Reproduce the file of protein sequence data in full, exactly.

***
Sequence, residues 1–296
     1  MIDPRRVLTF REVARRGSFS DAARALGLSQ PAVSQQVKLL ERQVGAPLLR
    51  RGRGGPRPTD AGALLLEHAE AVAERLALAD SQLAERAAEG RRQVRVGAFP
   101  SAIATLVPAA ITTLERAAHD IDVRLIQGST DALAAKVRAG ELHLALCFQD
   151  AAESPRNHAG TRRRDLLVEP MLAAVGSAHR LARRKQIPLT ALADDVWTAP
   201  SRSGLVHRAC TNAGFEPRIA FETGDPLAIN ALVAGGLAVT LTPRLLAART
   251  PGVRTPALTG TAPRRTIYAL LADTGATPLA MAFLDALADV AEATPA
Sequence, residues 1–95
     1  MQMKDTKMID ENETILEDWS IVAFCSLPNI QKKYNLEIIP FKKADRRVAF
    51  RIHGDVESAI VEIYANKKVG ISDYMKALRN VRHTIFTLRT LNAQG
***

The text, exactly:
Sequence, residues 1–296
     1  MIDPRRVLTF REVARRGSFS DAARALGLSQ PAVSQQVKLL ERQVGAPLLR
    51  RGRGGPRPTD AGALLLEHAE AVAERLALAD SQLAERAAEG RRQVRVGAFP
   101  SAIATLVPAA ITTLERAAHD IDVRLIQGST DALAAKVRAG ELHLALCFQD
   151  AAESPRNHAG TRRRDLLVEP MLAAVGSAHR LARRKQIPLT ALADDVWTAP
   201  SRSGLVHRAC TNAGFEPRIA FETGDPLAIN ALVAGGLAVT LTPRLLAART
   251  PGVRTPALTG TAPRRTIYAL LADTGATPLA MAFLDALADV AEATPA
Sequence, residues 1–95
     1  MQMKDTKMID ENETILEDWS IVAFCSLPNI QKKYNLEIIP FKKADRRVAF
    51  RIHGDVESAI VEIYANKKVG ISDYMKALRN VRHTIFTLRT LNAQG